Hippeastrum – The Popular ‘Amaryllis’
Native to tropical and sub-tropical regions of the Americas, Hippeastrum is grown for their large showy flowers. Commonly called ‘Amaryllis’ this bulb is really a Hippeastrumhybrid. Most marketed bulbs sold are greater than 8 inches (20 cm) in circumference, and are Dutch, Israeli, or South African grown. They produce 2 to 6 flowers per floral stalk, with the average being 4. Very large bulbs normally produce 2 flower stalks. Plant heights range from 18 to 36 inches (45 – 90 cm) depending on the cultivar, the country in which the bulb was produced, and home forcing conditions. Colours are orange, purple, white, pink, yellow, pale green, or red. Some are almost all in one colour; others have throat markings of a different colour or shade; all are very striking.
Hippeastrum are popular bulbs for indoor growing. They have a dormat winter rest period when leaves dry up and are shed, so they are usually offered for sale as dry bulbs. Some of the bulbs have been treated to flower earlier than normal – usually in time for Christmas and the New Year. The bulb is tender and should not be exposed to frost but can be grown outdoors in temperate climates. When buying, hippeastrums should be firm to the touch and greenish-white with thin brown outer leaves like an onion. Avoid any that are soft, have blue or greenish mold, look decayed, or appear to be extremely dried out. Hippeastrums are easy to grow the first year, as when they are purchased, the bulb already has a perfect embryo flower already formed. Some skill is required to make sure that it blooms in subsequent years.
Light Throughout the growth period, hippeastrumsneed bright light, with some direct light.Too little light during active growth results in elongated leaves and no flowers the following year. Continuous exposure to bright sunlight from the time flowers fade until mid-fall will contribute more than any other factor to subsequent flowering. To extend the flower life, keep out of direct light when the plant is blooming. Light is unimportant, during the dormant period.
Flower Removal Carefully cut the flowers off as they begin to fade.
Flowering Stalk Removal After all flowers fade, carefully cut the floral stalk off just above the bulb nose. Take care that the water that normally runs out of the freshly cut stalk does not run onto furniture.
Temperature Normally warm room temperatures, 70 – 75º F (21 – 24º C) until the bulb begins to root and the leaves and floral stalk(s) begin to grow, encourage fast growth and bring hippeastrums into early bloom. Afterwards, any temperature from 65 to 75o F (18 – 24º C) can be used. When in flower, the coolest area in the home is best to prolong the life of the blooms.
Potting/re-potting Hippeastrums do well in either clay or plastic pots. Pick a pot with open drain holes that is 3 inches (8 cm) wider than the bulb. Plant in a well-drained, sterilized commercial potting medium and, if desired, top it off with a light covering of orchid mix or sphagnum moss as mulch. Do not use a medium that contains pine bark. An equal mixture of peat and perlite is excellent. Carefully plant the bulb, with 1/3 being above the rim of the pot. Soak the bottom of the bulb with the roots in warm (not hot) water – this will make them pliable and easier to spread out in the pot. Put the bulb where it will get some sun everyday and water it once.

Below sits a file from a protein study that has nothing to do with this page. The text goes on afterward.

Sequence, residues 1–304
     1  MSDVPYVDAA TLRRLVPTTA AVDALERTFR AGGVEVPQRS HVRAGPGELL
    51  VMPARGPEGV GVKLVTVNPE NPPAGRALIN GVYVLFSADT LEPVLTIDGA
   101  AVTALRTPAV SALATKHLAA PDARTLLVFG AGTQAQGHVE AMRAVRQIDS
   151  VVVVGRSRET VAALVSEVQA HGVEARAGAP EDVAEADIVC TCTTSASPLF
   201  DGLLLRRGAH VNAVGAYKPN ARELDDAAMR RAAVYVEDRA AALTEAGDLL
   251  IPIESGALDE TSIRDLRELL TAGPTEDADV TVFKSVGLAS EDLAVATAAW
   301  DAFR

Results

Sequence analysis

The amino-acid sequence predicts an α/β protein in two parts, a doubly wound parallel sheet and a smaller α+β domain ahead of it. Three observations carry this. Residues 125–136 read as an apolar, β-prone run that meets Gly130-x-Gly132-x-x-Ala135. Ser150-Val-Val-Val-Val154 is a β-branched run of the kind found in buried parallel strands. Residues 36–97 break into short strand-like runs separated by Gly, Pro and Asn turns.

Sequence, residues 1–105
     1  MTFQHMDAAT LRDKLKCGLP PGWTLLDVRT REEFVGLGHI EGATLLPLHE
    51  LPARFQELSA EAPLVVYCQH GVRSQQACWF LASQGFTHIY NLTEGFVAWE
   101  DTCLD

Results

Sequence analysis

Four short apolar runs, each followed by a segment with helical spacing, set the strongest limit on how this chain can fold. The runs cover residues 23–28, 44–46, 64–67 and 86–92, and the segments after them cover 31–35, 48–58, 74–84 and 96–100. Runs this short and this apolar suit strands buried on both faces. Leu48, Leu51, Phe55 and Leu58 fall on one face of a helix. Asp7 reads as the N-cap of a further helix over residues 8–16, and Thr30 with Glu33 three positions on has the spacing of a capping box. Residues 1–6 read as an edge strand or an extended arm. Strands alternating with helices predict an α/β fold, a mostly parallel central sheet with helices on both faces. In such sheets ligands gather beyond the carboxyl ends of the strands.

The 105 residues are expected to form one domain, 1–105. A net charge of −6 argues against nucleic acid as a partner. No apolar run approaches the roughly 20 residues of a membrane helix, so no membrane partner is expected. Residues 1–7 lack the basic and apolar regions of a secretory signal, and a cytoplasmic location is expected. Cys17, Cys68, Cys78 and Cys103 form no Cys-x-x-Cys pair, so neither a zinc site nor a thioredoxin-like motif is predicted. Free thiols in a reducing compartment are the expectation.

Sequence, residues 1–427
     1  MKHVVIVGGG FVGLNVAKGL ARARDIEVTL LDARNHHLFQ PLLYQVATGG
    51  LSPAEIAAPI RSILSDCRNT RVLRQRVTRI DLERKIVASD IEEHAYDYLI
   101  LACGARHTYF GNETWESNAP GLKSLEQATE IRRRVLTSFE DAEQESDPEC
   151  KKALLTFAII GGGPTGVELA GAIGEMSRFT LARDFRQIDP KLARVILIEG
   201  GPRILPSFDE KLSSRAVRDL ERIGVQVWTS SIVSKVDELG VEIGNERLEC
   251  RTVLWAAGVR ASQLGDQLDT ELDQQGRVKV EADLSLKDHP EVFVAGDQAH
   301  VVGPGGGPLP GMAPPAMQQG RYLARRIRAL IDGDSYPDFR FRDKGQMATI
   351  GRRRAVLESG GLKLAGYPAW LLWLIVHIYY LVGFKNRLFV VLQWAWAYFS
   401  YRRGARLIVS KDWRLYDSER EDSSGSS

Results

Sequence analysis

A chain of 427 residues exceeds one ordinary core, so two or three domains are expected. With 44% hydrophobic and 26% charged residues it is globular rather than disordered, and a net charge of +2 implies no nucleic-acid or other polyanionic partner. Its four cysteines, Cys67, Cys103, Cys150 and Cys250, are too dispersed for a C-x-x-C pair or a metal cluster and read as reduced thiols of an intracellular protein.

Hippeastrums dislike root disturbance and flower best when left alone. For three to four years after the initial potting, take the bulb out of its pot with the tangled root ball intact and remove a little loose mixture from above and between the roots. Replace the bulb in the same pot and work some fresh soil into the spaces made. Do this when the first signs of new growth appear at the beginning of the active growth period. Repot completely every three to four years.
Watering Care should be taken not to overwater: after the first watering do not water again until growth is visible or the soil has become bone dry, and then water sparingly. Too much water will cause the bulb and its roots to rot. Watering can be increased to weekly after an 8 inch (20 cm) flower spike with bud or two 10 inch (25 cm) leaves have appeared. Avoid watering over the bulb nose.
Feeding After the plant begins to grow, fertilization is essential. Use either a complete nitrogen, phosphorous, potassium (NPK) slow-release fertilizer that lasts several months or a liquid (NPK) fertilizer, 2 to 4 times per month. Do not feed the bulb while it is blooming.
Special Points Prepare bulbs for the dormant period by removing all the dried foliage. Leave them in their pots of potting medium and store the pots in a thoroughly dry place at a temperature of about 50º F (10º C). If a hippeastrum produces lots of leaves at the beginning of the growing season, it is unlikely that the bulb will flower as the first thing to emerge from the bulb is usually the flower bud.